Saturday, February 6, 2016

One Step at a Time: The Kitchen Renovation Edition, The Starting Point


I am not sure I am going to even try to fix it. :(

So maybe adding the island should've been The Starting Point, but it wasn't so this is. My blog, my changing the rules to suit my own selfish needs. [wink]

You can click to enlarge if you are so inclined. In this case, bigger is worse(r).

Like any renovation/remodel/redecoration of a room, our kitchen came with a list of specific challenges, some aesthetic, some functional, some both.

I think that nearly every single light fixture that came with the house is on a the Aesthetically Challenging List (ACL). The kitchen is right up there with the worst and also on the Functionally Challenging List (FCL). As is often the case in houses this size built in the 1970s or earlier, there was but a single light in the kitchen, overhead and, in our case, not even centered in the ceiling. So somewhere along the way someone added those track lights for task lighting on the counters. They do the job, but they aren't hardwired... so they take up outlet space AND the thumb wheel inline switch is impossible to keep clean. BLECH. Not to mention one of the lights' adjustable joint was broken and one was missing the lens thingie. Because of how the wire for these runs through the cabinetry, updating the lights is at the top of the list.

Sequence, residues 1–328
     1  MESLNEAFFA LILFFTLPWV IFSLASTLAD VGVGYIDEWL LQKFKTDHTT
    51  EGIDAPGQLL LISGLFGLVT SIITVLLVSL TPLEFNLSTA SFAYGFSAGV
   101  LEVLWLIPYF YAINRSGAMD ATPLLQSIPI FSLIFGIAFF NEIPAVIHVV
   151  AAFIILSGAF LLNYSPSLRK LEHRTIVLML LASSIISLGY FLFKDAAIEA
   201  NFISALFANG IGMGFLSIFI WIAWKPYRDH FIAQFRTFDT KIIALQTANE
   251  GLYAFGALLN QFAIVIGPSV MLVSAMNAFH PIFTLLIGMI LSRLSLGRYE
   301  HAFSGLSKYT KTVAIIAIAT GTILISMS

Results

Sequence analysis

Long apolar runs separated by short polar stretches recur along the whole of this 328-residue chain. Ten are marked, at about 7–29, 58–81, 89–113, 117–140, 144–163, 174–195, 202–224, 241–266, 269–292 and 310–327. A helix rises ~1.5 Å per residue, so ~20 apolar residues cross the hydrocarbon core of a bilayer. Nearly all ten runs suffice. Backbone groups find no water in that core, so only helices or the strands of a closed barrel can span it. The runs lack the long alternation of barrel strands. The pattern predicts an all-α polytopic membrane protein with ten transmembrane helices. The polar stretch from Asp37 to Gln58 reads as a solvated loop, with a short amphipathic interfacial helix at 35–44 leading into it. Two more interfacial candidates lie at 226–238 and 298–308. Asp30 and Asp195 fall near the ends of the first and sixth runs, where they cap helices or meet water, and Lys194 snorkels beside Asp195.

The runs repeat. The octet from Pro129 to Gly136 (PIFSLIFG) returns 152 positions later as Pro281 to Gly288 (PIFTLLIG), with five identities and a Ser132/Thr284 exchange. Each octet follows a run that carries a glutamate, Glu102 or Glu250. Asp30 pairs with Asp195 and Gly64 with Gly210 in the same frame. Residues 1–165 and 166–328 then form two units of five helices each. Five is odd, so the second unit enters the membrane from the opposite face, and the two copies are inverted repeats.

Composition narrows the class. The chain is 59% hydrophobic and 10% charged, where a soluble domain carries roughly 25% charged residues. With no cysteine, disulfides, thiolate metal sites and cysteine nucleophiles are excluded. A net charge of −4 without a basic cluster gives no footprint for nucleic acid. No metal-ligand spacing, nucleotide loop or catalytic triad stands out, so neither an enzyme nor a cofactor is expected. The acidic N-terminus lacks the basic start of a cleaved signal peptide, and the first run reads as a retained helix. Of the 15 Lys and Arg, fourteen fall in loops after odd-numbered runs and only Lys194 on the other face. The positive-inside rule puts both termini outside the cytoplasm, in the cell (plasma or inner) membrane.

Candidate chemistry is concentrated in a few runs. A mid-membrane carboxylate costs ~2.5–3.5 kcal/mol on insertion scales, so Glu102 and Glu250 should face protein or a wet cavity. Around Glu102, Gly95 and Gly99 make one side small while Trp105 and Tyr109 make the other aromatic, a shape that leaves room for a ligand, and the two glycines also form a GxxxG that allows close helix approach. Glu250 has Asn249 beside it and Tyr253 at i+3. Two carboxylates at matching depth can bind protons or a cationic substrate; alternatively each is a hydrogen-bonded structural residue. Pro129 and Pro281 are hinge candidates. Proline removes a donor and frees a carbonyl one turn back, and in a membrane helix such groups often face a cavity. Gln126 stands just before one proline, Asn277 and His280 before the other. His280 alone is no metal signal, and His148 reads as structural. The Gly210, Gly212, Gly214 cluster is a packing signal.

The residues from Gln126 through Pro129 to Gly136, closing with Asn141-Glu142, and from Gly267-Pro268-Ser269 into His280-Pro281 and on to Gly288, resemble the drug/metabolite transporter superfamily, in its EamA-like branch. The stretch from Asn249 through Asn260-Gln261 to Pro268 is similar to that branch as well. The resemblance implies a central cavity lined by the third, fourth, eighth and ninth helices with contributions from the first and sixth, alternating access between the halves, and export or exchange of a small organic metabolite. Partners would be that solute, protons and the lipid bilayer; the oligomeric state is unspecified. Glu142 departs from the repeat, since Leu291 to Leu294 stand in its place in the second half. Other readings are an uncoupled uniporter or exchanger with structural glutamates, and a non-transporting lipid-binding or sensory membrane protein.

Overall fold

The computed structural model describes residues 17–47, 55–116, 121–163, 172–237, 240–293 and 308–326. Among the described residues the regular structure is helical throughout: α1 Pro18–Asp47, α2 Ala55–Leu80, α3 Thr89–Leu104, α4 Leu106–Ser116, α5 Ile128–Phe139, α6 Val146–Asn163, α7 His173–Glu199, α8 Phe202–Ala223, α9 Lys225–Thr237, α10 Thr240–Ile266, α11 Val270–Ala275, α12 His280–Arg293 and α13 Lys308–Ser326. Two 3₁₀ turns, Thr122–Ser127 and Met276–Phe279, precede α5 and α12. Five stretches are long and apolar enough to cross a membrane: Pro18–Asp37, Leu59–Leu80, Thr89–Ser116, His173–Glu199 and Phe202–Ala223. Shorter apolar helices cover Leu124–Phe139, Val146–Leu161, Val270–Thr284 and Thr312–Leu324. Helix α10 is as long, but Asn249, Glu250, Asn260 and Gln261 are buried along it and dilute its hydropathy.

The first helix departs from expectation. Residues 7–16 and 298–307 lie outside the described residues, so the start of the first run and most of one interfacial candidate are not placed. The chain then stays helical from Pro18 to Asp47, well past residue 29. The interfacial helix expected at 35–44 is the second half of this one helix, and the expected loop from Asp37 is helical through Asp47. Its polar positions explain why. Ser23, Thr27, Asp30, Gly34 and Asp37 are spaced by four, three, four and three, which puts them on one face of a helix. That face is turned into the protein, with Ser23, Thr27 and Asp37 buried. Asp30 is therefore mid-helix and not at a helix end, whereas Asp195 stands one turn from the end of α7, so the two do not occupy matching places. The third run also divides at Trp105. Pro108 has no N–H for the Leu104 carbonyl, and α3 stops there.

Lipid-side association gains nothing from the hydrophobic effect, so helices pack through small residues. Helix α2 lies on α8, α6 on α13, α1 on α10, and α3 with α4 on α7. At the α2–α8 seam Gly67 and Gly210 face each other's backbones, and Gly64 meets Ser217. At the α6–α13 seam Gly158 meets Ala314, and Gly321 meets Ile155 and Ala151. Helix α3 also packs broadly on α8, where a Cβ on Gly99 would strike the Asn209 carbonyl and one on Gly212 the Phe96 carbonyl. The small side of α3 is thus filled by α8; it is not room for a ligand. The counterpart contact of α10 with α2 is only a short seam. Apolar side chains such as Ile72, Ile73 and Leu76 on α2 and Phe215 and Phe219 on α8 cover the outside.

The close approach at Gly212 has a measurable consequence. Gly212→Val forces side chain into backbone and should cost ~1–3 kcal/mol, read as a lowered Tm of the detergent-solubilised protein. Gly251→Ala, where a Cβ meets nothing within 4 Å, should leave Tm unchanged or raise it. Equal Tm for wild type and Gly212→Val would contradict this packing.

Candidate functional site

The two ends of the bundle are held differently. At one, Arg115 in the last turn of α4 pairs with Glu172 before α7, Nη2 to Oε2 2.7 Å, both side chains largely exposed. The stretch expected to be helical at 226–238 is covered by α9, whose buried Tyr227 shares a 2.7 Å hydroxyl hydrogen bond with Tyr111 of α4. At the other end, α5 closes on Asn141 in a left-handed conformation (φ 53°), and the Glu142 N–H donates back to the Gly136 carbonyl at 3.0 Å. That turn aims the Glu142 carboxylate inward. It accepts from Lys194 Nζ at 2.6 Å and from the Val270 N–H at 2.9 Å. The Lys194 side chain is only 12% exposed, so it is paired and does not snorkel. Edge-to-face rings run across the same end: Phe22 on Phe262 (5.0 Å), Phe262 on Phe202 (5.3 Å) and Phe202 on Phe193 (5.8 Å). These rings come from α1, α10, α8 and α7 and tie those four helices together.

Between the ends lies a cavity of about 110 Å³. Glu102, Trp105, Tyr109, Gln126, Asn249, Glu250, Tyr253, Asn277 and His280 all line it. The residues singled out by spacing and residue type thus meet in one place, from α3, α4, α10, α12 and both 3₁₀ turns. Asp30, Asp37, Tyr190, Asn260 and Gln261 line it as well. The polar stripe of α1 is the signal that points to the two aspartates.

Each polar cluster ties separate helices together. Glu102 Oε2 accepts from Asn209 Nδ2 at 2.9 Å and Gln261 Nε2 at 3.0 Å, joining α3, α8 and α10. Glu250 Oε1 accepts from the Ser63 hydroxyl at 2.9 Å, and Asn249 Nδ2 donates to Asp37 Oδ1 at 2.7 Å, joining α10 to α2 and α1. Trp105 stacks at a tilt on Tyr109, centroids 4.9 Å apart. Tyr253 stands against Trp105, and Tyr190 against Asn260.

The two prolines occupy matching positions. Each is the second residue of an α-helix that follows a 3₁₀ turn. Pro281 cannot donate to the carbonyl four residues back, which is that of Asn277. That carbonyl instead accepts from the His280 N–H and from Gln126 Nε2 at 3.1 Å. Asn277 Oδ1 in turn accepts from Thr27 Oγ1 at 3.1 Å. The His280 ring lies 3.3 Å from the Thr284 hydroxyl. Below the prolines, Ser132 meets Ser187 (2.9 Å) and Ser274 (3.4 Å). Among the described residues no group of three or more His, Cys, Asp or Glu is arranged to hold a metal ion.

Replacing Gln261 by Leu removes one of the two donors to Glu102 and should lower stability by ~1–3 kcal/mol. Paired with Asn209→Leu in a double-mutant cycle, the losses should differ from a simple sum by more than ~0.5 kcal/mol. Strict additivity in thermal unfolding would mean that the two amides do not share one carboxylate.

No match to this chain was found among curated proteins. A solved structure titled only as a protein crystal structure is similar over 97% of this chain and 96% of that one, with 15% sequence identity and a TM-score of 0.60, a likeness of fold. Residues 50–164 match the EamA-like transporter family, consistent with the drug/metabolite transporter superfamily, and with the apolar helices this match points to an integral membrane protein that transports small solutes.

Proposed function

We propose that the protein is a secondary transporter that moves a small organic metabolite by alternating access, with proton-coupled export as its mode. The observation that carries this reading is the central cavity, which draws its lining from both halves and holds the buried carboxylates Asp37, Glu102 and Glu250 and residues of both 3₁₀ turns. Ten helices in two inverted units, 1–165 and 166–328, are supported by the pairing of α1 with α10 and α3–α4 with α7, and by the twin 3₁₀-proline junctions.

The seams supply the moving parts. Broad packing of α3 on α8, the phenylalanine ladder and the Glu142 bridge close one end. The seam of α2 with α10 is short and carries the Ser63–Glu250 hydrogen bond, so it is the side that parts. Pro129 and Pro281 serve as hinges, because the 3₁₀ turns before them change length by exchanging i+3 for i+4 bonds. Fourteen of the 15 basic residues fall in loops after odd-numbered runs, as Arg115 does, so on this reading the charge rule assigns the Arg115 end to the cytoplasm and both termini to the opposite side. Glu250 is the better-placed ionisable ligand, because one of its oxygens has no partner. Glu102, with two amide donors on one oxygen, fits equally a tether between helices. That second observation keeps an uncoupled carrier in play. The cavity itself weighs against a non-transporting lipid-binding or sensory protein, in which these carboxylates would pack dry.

We hate the ceiling texture, but it's just such a HUGE project...